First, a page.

Psychotherapy Helps

Knowing that you are not alone can make all the difference. It takes one person, just one person to make that difference. It could be your priest, a friend, a parent a sibling or an aunt. For me, that person is my therapist. He has been the one consistent thing in my ever-changing life. Through my ups and downs, he has been there. My greatest fear was always that he would one day leave me, just as my father did when he died when my brother and I were three and a half years old. Ten years later my therapist has still not left me. I think it’s safe to say that he will never leave me. What he also teaches me is that he is always there, even when he is not physically with me. Every day I live in the way that he has taught me. Everything that I have ever learned from him is accessible to me by virtue of my mind. I can conjure his presence at any time. It also helps that I can write to him at any time. Although he doesn’t respond, he faithfully reads every word which I compose. I’ve translated this writing into the realm of the imagination. Now I compose emails to him which sometimes don’t actually get written down. It’s my way of processing things that happen. I have been writing to him for years and it is a revelation that I don’t have to send him updates on every moment of my life these days. It’s the act of that writing or imagining writing, talking to him in my mind which makes the difference to me.

Healing is Not Linear

When you have mental health issues, it can sometimes consume your life. If you are clinically depressed, meaning there is a chemical imbalance in your brain, everything is effort. Waking up is effort. Feeding yourself is effort. Life like this can be difficult. And then there are the medications. You take them in the morning, you take them at night. Day in and day out. It’s always the same and it’s always effort. Until one day it isn’t. Here and there you can have glimpses of what life could be like without mental illness. It’s not about being happy all the time. It’s about comfort and it’s about peace. It’s about having a safe place to go to on the inside no matter what is going on in the outside world. Have you ever felt the sun on your skin, and it just felt nice? That’s how I want to feel all of the time, but at the beginning of the recovery process, all you get are glimpses of the good times, here and there, until they become more frequent and until one day you have gone through an entire day of not having any mental mishaps or crises. Those days become weeks. Healing is also not a linear process. It’s this big, crazy mess of a spiderweb of ups and downs and everything in between. But you’re here, you’re still here. That’s what matters at this moment and this moment is all you have until the next one happens. So try your best to live in the moment. Hold space for yourself internally when things are not good. Breathe. And know that this too shall pass. In the end, everything is going to be okay.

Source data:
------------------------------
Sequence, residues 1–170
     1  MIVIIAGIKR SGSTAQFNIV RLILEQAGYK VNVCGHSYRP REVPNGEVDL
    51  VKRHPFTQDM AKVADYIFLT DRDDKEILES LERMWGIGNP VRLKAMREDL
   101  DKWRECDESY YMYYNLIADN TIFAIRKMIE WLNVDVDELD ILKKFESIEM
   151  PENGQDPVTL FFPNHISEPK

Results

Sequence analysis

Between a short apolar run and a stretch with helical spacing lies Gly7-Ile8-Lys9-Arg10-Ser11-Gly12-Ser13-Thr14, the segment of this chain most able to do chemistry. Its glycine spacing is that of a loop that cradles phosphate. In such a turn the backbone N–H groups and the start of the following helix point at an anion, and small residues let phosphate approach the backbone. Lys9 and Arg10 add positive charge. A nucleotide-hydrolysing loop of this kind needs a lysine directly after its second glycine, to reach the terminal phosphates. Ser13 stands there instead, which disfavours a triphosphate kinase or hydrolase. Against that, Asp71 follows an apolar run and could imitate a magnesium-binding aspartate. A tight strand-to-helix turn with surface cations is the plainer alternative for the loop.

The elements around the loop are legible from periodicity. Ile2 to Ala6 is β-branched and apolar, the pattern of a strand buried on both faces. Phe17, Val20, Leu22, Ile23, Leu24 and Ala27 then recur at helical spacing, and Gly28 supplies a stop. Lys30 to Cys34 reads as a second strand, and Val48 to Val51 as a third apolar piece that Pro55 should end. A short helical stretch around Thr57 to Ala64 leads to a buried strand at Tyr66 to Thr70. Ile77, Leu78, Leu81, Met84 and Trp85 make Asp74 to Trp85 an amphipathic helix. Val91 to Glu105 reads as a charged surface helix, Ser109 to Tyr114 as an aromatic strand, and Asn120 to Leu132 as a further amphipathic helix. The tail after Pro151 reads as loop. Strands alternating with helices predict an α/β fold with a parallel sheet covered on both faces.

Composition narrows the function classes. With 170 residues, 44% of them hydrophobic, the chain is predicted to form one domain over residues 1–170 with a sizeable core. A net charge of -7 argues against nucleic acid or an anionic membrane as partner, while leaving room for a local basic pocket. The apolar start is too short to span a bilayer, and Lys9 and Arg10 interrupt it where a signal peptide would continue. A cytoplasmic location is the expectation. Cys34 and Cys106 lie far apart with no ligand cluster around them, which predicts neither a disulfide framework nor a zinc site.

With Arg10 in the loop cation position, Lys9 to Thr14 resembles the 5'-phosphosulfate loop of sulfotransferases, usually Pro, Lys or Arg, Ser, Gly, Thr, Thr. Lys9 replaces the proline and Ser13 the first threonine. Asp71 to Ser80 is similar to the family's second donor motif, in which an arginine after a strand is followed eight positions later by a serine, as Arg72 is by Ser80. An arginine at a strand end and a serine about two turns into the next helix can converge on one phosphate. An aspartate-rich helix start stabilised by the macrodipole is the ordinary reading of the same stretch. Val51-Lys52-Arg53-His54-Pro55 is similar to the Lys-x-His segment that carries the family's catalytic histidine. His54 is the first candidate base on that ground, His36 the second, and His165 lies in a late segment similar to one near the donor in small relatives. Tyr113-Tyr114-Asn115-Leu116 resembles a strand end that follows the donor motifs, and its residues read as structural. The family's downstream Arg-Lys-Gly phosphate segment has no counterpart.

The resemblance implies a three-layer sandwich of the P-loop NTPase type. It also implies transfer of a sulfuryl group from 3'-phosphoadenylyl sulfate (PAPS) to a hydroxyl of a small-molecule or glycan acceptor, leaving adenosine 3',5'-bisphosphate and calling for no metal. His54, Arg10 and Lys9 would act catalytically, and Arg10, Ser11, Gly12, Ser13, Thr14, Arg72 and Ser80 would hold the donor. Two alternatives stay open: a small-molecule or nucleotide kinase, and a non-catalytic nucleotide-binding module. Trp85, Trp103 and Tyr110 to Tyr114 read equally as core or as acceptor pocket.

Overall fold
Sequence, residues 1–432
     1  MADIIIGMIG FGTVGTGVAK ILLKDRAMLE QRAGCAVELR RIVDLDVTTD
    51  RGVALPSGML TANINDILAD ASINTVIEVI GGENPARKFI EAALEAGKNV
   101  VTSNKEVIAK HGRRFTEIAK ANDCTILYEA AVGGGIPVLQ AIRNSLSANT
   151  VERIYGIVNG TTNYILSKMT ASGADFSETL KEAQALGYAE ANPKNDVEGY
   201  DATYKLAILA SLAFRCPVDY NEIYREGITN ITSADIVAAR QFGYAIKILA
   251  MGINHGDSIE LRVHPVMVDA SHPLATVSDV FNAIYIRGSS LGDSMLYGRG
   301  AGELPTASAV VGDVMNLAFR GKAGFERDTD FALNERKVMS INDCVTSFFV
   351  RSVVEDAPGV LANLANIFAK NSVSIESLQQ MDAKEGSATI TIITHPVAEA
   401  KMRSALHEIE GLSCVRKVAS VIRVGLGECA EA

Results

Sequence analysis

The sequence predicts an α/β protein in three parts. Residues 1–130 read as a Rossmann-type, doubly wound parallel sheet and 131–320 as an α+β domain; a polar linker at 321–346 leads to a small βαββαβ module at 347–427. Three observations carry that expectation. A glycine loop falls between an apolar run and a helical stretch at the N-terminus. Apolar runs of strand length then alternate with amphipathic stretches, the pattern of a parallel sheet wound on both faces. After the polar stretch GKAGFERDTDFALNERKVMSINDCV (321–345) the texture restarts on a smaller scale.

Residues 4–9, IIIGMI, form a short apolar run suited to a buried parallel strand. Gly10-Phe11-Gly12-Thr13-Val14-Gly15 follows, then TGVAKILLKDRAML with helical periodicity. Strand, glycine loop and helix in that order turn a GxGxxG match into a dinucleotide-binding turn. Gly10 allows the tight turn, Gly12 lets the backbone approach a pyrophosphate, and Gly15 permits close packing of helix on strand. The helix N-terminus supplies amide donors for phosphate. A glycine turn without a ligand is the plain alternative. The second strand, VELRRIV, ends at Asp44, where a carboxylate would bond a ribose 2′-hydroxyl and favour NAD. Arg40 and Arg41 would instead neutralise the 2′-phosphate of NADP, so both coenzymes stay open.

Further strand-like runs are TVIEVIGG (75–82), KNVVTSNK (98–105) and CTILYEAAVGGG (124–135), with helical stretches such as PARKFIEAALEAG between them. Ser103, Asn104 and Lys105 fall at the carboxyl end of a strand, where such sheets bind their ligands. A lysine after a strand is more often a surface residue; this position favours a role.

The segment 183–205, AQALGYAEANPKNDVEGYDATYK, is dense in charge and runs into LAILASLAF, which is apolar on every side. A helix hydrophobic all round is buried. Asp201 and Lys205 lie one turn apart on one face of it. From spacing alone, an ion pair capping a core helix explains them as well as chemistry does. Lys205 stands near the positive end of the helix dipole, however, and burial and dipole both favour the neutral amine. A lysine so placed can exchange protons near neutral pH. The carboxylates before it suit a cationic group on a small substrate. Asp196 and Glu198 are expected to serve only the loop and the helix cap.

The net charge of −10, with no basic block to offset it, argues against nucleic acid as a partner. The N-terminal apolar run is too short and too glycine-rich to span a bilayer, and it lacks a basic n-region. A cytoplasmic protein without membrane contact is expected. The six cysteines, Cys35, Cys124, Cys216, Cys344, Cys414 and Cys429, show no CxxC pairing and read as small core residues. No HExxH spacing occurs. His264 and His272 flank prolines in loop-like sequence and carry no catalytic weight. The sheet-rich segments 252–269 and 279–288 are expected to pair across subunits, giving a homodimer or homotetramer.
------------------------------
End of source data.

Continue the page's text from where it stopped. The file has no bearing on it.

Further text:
Discovering the Way to Recovery Through Self-Care and Awareness

Anjuli Nunn

Anjuli Nunn identifies as a writer and is based out of San Diego, California. She is a mental health advocate. When she is not composing poetry, she likes to study psychology and philosophy. She also enjoys spending time with her mixed breed 12-pound dog named Samuel, whom she rescued in 2017.


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APA Reference
Nunn, A. (2018). Discovering the Way to Recovery Through Self-Care and Awareness. Psych Central. Retrieved on October 19, 2018, from https://blogs.psychcentral.com/mindful-recovery/2018/07/discovering-the-way-to-recovery-through-self-care-and-awareness/

 

Last updated: 21 Jul 2018
Last reviewed: By John M. Grohol, Psy.D. on 21 Jul 2018
Published on PsychCentral.com. All rights reserved.